UW-Parkside to Open New Human Identification and Forensic Anthropology Lab
Somers, WI- The University of Wisconsin-Parkside will be debuting a new Human Identification and Forensic Anthropology Lab for the Spring 2024 semester. The fully functioning forensic anthropology facility will be capable of providing a full and detailed biological profile of unknown decedents. Using the most up-to-date statistical software available, the analyses will be able to include metric and non-metric data that can be useful in current cases, “cold cases,” and even historical and archeological cases.
In addition to traditional forensic anthropological analyses, the lab is equipped to handle DNA extractions from bone and dental tissue. It can be extremely difficult and time-consuming to get DNA from bones, especially old or damaged samples. Dr. Keith Biddle, a forensic and molecular anthropologist will serve as the lab manager.
Dr. Biddle specializes in these types of challenging extractions and has successfully retrieved both mitochondrial and autosomal DNA from fresh, old, water-logged, sun-bleached, and even badly burned human bones. Dr. Biddle wrote his Ph.D. dissertation on the best places to get DNA from human bones. He has over six years of forensic anthropology and DNA experience and has worked with medical examiners, coroners, DNA analysts, as well as law enforcement from municipal, state, and tribal reservations police departments. As a graduate student at the University of Montana, he performed consultative work with the FBI and the U.S. State Department.
Dr. Biddle is currently an Assistant Professor in the departments of Criminal Justice, and Anthropology. He began his career at UW-Parkside with a course offering on Body Recovery and Analysis during the summer of 2023. His upcoming courses for Spring 2024 include Forensic Anthropology, Criminalistics, Crime and Human Rights, and Advanced Human Evolution.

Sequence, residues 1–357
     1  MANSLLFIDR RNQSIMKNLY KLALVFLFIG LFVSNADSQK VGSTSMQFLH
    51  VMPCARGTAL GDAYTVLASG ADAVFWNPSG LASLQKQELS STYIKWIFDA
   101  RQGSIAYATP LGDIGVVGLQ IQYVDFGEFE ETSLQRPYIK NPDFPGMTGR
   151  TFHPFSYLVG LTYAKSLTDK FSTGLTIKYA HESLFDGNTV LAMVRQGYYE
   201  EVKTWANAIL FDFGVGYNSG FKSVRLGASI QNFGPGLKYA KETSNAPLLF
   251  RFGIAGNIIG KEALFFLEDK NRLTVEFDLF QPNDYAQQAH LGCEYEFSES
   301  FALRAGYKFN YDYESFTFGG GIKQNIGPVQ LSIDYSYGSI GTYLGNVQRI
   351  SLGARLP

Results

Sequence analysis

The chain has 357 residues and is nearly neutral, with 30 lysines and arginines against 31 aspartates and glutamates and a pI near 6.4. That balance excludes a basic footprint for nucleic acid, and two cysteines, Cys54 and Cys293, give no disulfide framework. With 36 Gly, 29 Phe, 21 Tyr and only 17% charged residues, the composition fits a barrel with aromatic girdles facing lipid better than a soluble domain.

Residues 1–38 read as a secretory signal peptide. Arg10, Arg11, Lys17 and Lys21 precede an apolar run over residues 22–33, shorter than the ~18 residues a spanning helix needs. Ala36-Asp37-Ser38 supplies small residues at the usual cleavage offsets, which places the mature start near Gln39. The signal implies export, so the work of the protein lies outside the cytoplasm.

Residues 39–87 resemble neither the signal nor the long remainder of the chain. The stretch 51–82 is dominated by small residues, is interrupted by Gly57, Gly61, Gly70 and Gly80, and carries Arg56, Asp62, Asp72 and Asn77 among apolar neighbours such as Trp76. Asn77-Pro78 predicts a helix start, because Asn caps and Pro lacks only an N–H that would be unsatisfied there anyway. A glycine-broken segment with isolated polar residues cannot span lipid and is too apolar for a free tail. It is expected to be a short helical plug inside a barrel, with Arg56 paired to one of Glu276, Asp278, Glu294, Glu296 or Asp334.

Dr. Martin Gottschalk, the Criminal Justice Department Chair, stated that the development of the new Human Identification and Forensic Anthropology Lab space comes from a growing interest in the field, and the university’s commitment to develop and prepare students in the fields of anthropology and criminal justice.
“Parkside lies in the middle of the Milwaukee-Chicago corridor, one of the larger such urban expanses in the United States. Much happens here – people are born and die; they disappear from our lives, and return; they build things we depend upon, and allow other things to slowly pass away. The Criminal Justice Department at UW-Parkside will assist in solving crimes, identify those of us who’ve gone missing, and deepen our understanding of those lives that came before us,” Gottschalk explained.
Gottschalk continued by commenting on the valuable experiences that the new space will provide for UW-Parkside students. “The Forensic Anthropology Lab at UW-Parkside will also provide our students with the knowledge and skills needed in the workforce. Students will learn how to find human remains and other forensic evidence. They will learn how to grid and document a crime scene and maintain a chain of evidence for forensic purposes. They will learn how DNA is extracted from human remains and how it is analyzed.”
The University of Wisconsin-Parkside is committed to high-quality educational programs, creative and scholarly activities, and services responsive to its diverse student population, and its local, national, and global communities. We are a dynamic learning community grounded in academic excellence and focused on student success, diversity, inclusion, and community engagement. The campus serves as a premier comprehensive public institution and a destination of choice, serving as a focal point of local, regional, and global progress.
University of Wisconsin-Parkside
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